By Dan Kervick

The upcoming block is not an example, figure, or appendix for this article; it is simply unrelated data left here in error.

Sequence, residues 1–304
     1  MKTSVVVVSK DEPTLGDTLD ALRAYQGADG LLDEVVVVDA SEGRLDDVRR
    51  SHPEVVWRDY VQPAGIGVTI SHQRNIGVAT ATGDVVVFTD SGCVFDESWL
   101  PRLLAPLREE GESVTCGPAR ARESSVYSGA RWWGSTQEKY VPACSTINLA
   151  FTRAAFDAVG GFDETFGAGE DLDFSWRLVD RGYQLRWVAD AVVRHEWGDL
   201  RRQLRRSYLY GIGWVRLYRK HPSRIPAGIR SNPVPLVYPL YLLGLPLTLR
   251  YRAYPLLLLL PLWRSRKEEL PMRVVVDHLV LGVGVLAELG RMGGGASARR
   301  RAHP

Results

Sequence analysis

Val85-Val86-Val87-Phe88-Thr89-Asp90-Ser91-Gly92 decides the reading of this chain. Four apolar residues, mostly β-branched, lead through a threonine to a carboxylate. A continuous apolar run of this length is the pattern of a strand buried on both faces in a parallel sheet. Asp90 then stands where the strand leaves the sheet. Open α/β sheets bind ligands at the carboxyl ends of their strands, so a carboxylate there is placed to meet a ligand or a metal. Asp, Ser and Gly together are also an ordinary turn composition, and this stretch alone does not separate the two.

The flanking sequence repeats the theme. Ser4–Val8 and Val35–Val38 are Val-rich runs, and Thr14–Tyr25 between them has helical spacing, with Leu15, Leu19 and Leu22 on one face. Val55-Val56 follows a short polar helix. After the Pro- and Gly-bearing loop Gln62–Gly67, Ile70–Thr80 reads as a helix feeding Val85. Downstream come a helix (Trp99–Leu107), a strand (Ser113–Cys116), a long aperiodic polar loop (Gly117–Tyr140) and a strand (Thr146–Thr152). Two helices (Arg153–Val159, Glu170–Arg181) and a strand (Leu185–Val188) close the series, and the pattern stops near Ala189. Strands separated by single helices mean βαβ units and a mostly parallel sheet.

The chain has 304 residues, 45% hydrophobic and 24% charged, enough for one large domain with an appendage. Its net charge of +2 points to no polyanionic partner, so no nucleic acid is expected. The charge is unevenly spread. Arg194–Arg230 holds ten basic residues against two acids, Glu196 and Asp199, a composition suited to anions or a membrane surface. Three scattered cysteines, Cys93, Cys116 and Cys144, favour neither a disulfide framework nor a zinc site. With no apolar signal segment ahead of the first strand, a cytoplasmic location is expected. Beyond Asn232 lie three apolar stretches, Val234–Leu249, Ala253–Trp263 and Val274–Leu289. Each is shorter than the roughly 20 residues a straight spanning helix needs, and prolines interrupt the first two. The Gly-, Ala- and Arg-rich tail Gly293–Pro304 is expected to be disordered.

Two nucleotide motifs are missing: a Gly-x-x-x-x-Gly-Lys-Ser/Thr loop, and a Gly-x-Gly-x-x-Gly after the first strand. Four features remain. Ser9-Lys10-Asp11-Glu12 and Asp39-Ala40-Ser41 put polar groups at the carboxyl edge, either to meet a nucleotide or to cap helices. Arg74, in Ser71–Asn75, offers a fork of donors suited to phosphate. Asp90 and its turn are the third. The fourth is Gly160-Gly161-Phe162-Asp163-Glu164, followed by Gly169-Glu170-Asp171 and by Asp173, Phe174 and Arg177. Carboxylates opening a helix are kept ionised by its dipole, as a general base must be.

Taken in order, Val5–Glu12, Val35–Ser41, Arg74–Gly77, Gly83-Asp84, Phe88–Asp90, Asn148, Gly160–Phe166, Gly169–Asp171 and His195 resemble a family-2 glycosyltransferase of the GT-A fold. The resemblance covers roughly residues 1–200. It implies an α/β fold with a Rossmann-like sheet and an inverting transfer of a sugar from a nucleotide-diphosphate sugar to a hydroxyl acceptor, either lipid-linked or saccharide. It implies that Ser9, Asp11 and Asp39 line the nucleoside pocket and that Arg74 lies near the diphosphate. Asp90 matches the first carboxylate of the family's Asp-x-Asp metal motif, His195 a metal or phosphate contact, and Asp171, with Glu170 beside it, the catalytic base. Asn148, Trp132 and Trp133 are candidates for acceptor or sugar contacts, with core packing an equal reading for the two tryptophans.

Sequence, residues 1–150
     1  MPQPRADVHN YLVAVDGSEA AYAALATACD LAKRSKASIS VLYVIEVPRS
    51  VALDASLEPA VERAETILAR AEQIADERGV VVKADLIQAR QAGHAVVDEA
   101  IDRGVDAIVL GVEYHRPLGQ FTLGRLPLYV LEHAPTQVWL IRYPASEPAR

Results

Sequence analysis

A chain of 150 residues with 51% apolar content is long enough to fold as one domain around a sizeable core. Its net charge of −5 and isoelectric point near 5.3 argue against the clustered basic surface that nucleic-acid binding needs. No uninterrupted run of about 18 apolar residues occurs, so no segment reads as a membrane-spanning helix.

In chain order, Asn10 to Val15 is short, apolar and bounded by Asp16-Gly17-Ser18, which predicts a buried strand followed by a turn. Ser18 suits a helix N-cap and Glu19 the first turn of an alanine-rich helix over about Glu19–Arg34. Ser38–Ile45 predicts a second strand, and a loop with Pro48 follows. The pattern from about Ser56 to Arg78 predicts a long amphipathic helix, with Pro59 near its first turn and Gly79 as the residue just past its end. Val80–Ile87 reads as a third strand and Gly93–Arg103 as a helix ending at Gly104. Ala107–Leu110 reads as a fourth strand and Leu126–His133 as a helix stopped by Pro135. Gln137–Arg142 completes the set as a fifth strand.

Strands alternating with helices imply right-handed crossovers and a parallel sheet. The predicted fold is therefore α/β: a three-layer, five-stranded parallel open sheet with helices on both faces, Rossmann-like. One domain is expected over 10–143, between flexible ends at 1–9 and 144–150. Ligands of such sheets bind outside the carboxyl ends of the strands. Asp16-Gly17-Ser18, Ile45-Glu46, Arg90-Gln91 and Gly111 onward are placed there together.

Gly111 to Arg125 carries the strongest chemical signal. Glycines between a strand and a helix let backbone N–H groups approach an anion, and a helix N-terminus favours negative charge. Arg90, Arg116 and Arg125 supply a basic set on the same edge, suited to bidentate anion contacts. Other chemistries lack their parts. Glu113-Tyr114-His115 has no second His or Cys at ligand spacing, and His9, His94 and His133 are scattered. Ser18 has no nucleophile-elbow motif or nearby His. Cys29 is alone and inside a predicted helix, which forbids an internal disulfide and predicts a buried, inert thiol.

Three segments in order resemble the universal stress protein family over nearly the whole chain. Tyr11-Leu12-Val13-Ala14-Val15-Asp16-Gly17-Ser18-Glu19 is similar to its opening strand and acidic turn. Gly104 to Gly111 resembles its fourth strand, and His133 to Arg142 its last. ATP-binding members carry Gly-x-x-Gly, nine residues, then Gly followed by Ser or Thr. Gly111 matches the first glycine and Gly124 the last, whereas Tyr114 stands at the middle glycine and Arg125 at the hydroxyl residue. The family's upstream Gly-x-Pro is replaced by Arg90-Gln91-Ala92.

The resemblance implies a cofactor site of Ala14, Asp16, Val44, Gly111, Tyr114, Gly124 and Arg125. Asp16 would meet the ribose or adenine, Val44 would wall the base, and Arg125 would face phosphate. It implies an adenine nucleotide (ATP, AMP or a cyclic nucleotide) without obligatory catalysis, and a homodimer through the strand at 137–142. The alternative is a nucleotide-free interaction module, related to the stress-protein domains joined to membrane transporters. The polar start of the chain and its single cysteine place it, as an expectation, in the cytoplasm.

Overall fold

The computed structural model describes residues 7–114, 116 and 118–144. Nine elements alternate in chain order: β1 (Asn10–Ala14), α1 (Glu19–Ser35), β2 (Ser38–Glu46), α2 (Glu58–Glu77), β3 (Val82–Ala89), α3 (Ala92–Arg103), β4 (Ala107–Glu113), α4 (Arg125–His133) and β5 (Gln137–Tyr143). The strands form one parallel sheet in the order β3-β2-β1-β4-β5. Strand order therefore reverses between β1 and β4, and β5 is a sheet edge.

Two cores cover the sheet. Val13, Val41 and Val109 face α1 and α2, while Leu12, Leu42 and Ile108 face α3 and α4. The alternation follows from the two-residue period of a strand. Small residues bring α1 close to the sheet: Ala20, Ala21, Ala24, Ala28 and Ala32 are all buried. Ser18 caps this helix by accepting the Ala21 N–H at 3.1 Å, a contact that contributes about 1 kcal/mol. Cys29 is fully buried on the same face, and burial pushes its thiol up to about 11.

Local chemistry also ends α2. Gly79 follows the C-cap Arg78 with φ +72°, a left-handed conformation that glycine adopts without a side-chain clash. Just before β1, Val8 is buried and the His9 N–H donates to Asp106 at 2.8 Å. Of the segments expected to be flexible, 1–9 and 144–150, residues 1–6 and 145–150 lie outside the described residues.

People sometimes seem to suggest that the Western democracies are at the end of the road economically. They claim that these governments are spent, broke, tapped out. They insinuate that Western nations can no longer afford to carry out ambitious projects of the kind they organized in the past, and must downsize or dismantle many of the governance systems and public enterprises they currently operate. They insist that these democracies must hand over yet more of their nations’ destinies to the financial and corporate baronies that dominate the private sector, and give the latter a free hand to arrange whatever kind of future they might deign to mash up for us as a by-product of their voracious struggles for private gain and glory.